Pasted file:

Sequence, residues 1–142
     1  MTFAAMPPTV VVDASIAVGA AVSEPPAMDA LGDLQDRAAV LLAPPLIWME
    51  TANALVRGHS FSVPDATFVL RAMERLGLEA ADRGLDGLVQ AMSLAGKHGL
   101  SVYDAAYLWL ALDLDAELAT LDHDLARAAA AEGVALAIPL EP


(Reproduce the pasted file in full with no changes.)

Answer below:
Sequence, residues 1–142
     1  MTFAAMPPTV VVDASIAVGA AVSEPPAMDA LGDLQDRAAV LLAPPLIWME
    51  TANALVRGHS FSVPDATFVL RAMERLGLEA ADRGLDGLVQ AMSLAGKHGL
   101  SVYDAAYLWL ALDLDAELAT LDHDLARAAA AEGVALAIPL EP